The Importance of School Lunches

Jordan Romick

We grow up being told breakfast is the most important meal of the day and to always eat our fruits and vegetables. However, we are not very aware about how our body responds to important nutrients and even less so how our body reacts when we aren’t getting the nutrients we need. Though public schools in the United States are slowly becoming more health conscious about the foods that are being served in cafeterias, they are not necessarily emphasizing the importance of food in relation to academic function and the success of their students.


The United States Department of Agriculture (USDA) has a National School Lunch Program (NSLP) as well as a School Breakfast Program (SBP) implemented in public schools nation-wide that provides subsidized food and nutrition assistance for school children who may not get the same filling, nutritious meals at home as they do during school hours. Studies show that eating a nutritious breakfast and lunch not only fuels our bodies, but improves cognitive function and increases attention span, while it decreases irritability. Not eating enough throughout the day can affect physical development, cognition and behavior, and lead to various diseases later in life. While serving more nutritious meals in schools is essential, it’s important to also acknowledge food-insecure students, in order to ensure that the entire school population has access to meals. By providing students with nutritious and filling meals, we are ensuring that students and teachers are in the most productive, energetic and attentive learning environment. These government-subsidized programs are important in safeguarding the futures of low-income children who may have trouble paying attention in class due to hunger.

Food insecurity describes individuals or families that are lacking reliable access to sufficient, affordable and nutritious food. Boulder Valley School District follows the rest of the country in providing food insecure students who qualify with free and reduced lunch service to those who qualify. However, not all food insecure families actually qualify for Free and Reduced Lunch or other federally-funded nutrition assistance. Actually, 43% of the food insecure children in Boulder County most likely are not eligible for these programs. BVSD recognized the limiting nature of the federal guidelines for free and reduced lunch, and started a No Student Hungry: Weekend Nutrition Bag Program that offers nutritious ingredients for meals and snacks for all students to take home over the weekend and extended breaks, for free! This way, BVSD acknowledges those who may still be hungry, but whose families do not meet the federal guidelines for food assistance. These programs are exceptionally important as they provide nutritious meals to kids that may otherwise see their only filling and hot meal at school. 15% of all children in Boulder County are considered food insecure- that is about 9,500 kids who are not getting enough food throughout the day, and, thus, not getting the most of their education due to hunger. This highlights the importance of providing our children with enough food to succeed in school, and thus succeed in future opportunities.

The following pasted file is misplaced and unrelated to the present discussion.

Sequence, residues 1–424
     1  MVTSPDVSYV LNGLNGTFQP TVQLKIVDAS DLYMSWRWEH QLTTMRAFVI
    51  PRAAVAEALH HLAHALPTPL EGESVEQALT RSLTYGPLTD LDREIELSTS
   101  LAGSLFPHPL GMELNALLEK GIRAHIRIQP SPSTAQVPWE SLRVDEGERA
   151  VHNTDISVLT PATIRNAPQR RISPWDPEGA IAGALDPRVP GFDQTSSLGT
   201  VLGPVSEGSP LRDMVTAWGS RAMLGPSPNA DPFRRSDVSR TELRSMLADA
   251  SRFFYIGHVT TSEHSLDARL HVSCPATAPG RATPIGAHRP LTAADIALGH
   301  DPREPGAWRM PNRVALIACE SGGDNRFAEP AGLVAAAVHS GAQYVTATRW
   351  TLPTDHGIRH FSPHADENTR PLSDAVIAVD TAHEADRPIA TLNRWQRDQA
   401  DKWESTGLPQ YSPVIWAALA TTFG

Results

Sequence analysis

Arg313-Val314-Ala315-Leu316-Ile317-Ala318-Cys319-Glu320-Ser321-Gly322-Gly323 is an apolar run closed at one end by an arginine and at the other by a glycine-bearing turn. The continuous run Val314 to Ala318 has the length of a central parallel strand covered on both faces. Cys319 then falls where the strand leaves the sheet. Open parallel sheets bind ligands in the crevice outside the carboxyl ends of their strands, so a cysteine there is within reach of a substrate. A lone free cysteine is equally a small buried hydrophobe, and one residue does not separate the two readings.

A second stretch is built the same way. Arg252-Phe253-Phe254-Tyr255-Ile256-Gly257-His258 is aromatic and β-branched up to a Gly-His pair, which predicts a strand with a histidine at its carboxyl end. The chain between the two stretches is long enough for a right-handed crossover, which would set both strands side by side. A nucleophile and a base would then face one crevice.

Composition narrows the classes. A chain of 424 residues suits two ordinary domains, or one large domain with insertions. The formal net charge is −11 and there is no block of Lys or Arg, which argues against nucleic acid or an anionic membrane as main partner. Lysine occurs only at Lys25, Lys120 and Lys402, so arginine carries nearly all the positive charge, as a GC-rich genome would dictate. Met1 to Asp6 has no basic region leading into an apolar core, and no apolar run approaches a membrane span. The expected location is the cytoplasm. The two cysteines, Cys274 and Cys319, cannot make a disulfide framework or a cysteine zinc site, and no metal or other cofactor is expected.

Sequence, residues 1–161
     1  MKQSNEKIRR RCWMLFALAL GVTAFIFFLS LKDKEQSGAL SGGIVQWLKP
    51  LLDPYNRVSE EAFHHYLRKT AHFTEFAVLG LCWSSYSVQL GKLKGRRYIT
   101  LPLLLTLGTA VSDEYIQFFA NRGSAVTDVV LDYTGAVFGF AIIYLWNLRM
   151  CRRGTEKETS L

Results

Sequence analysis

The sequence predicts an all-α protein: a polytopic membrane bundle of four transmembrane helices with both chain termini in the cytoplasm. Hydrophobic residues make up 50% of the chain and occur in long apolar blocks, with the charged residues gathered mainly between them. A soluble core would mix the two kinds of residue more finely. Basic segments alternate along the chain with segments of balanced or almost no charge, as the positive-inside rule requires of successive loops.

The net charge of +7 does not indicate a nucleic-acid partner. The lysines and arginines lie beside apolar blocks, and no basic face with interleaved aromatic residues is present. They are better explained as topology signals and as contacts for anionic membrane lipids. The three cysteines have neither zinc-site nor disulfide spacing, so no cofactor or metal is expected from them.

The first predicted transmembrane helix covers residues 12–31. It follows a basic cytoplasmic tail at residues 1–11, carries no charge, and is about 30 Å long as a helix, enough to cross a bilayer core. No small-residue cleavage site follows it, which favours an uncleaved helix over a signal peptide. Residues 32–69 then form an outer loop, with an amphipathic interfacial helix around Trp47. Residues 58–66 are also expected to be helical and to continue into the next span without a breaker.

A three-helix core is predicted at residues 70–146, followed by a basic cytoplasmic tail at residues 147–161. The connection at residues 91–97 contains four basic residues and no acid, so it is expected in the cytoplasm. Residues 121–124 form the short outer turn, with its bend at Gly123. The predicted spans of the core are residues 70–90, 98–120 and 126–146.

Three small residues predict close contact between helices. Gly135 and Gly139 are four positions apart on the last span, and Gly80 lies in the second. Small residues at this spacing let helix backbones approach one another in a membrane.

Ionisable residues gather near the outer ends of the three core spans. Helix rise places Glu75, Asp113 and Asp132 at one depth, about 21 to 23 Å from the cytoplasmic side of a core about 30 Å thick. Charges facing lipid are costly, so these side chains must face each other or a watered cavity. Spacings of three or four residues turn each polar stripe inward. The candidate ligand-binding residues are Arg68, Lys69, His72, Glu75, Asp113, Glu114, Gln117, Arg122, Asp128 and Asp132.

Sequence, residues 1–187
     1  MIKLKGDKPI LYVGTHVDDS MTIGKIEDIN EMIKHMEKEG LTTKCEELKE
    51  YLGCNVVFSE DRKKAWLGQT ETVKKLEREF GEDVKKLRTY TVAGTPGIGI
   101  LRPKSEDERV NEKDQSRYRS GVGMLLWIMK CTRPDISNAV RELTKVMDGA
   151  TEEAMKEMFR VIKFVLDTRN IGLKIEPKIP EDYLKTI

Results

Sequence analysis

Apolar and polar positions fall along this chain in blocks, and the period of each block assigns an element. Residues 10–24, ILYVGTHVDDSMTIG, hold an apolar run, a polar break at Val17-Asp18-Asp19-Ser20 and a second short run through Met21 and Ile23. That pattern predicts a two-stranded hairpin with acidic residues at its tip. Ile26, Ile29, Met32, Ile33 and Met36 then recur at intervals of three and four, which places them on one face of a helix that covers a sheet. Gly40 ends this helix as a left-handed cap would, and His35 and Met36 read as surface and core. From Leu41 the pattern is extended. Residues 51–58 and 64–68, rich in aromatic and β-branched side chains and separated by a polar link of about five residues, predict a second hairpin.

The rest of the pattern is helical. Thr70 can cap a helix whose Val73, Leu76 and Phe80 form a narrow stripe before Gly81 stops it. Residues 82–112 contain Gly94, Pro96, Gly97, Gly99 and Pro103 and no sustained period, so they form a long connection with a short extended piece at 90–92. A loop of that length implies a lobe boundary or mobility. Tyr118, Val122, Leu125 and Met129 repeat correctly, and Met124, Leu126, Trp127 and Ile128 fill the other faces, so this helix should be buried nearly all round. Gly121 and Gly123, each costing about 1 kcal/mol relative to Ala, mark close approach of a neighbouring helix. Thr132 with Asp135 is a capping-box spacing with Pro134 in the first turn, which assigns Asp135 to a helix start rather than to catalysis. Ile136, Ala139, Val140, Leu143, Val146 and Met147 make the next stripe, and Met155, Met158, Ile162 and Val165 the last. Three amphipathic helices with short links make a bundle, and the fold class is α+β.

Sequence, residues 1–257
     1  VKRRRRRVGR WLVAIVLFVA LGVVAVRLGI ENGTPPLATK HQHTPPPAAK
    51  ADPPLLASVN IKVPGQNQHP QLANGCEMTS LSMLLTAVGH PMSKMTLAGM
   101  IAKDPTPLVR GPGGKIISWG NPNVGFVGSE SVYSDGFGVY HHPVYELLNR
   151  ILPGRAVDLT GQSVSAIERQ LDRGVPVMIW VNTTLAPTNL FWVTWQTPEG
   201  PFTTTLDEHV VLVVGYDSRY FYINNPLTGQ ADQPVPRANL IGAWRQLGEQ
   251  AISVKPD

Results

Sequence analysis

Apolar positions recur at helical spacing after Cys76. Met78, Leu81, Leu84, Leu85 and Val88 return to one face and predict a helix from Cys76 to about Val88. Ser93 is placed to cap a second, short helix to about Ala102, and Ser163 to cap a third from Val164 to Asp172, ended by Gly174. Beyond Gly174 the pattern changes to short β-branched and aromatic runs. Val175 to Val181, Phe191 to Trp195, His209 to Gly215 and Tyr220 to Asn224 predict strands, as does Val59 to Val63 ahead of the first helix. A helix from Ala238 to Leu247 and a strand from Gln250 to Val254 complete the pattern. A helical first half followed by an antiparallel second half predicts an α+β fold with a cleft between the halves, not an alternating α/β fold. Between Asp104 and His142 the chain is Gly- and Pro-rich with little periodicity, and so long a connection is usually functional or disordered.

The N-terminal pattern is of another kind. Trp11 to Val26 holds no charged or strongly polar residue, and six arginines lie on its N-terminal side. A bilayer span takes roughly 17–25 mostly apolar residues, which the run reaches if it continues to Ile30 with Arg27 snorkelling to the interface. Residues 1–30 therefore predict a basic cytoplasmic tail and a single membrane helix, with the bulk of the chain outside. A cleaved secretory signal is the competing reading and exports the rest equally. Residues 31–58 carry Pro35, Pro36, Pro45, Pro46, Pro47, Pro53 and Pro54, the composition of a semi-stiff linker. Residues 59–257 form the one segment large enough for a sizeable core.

Boulder Valley School District is doing a fantastic job serving nutritious lunches to their schools every day while also supporting our local farms and businesses such as Cure Organic Farm, Black Cat Farm, Rocky Mountain Fresh, Moe’s Bagels, and Boulder Natural Meats. All of their beef and chicken is hormone and antibiotic free, their milk is organic, food is cooked from scratch, and every school has a salad bar with fresh fruits and veggies. BVSD is the first Responsible Epicurean and Agricultural Leadership or REAL certified school district in the country and the only public K-12 school district on the Good Food 100 Restaurant List. The REAL certification was made possible through the partnership BVSD has with The Chef Ann Foundation. Together they created School Food Project in effort to transform their average school cafeteria that served processed foods with high fructose corn syrup, too much sugar, too much sodium, and too much fat, into a world where every child in the district can be served the best possible food, while at the same time learning about the food and being a part of the process so they can go home and pick out these more nutritious options with their parents. Chef Ann made lunch period into a learning experience for the kids in our community, hoping to spark a sustainable change nation wide, and “changing the way we feed our kids”.


There are many ways that you can help ensure that the kids at our local schools are getting the food they need to succeed. You can click the hyperlinks in the above post or click below to be directed to websites for more resources to get involved, donate, and educate yourself on food insecurity in Boulder County.

CHILD FOOD INSECURITY IN COLORADO BY COUNTY 2015 gap/2015/MMG_AllCounties_CDs_CFI_2015_1/CO_AllCounties_CDs_CFI_2015.pdf